Diversification is an important concept for investors. Despite the importance of concentration that some prominent investors such as Warren Buffett and Philip Fisher preach, there are also many other equally successful professional investors like John Templeton who make diversification a cornerstone of their investment programme. Some investors might like to argue over it but in my opinion, there are no right or wrong answers to that and diversification will likely be here to stay. A common tool for diversification For many investors, I don’t think I’m too far off the mark in saying that, index funds – funds that…
Diversification is an important concept for investors. Despite the importance of concentration that some prominent investors such as Warren Buffett and Philip Fisher preach, there are also many other equally successful professional investors like John Templeton who make diversification a cornerstone of their investment programme.
Some investors might like to argue over it but in my opinion, there are no right or wrong answers to that and diversification will likely be here to stay.
A common tool for diversification
For many investors, I don’t think I’m too far off the mark in saying that, index funds – funds that track any particular stock market index – are used for diversification purposes to avoid security-specific risks.
But, asset management firm Horizon Kinetics recently showed investors why that’s not necessarily true.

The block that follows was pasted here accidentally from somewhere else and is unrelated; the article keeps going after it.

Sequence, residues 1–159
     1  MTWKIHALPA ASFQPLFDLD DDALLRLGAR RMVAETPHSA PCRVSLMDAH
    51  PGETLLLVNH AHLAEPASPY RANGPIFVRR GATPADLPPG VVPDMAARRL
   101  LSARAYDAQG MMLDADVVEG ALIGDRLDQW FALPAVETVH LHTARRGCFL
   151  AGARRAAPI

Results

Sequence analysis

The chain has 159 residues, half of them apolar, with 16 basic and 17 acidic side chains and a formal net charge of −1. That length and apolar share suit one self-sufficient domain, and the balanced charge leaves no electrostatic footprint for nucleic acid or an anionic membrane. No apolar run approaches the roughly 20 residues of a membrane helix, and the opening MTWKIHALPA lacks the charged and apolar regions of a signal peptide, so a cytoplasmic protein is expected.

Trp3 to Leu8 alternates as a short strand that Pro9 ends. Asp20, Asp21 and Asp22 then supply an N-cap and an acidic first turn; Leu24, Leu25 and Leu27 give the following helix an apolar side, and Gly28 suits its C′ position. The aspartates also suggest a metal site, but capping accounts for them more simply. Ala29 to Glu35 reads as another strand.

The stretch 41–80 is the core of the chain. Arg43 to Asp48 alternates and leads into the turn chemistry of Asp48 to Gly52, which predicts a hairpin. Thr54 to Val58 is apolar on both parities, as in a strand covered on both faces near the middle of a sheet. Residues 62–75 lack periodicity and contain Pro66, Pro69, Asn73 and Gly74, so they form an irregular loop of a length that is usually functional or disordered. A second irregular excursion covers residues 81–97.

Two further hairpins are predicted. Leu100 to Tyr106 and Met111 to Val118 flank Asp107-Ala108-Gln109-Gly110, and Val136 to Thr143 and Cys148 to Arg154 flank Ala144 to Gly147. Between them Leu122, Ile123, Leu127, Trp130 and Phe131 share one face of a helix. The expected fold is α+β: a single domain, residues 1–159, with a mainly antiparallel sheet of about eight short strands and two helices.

False sense of diversity
In the firm’s 3rd Quarter market commentary, it talked about how exchange-traded funds (ETFs) that track a market index can be a “failed search for security diversification.”
It listed a table, replicated partially below, showing the weights that certain Spanish companies took up in the iShares MSCI Spain Index Fund.
|Company||Position Weight||Cumulative Weight|
|Banco Santander SA||19.7%||19.7%|
|Banco Bilbao Vizcaya Argentaria||12.6%||45.5%|
Source: Horizon Kinetics’ 3rd Quarter Market Commentary
The table above contains the top five shares within the Spanish index fund and together, they accounted for almost 55% of the index’s movement. Any Spanish investor who sought broad diversification through the fund would have ended up owning a concentrated portfolio of shares instead.
It’s the same in our own backyard
This is actually a situation that we see here at home in Singapore too. The most prominent stock market barometer we have is the Straits Times Index (SGX: ^STI) and it is comprised of 30 of the largest publicly-listed companies here.
But, as I’ve mentioned before, almost half of the index is governed by only five shares. The table below shows the weights of the top five shares of the STI as of 30 Sep 2013:
|Company||Weight in the STI||Cumulative Weight|
|DBS Group Holdings||10.6%||10.6%|
|Oversea-Chinese Banking Corporation||10.5%||21.1%|
|United Overseas Bank (SGX: U11)||9%||40.3%|
|Jardine Matheson Holdings (SGX: J36)||6%||46.3%|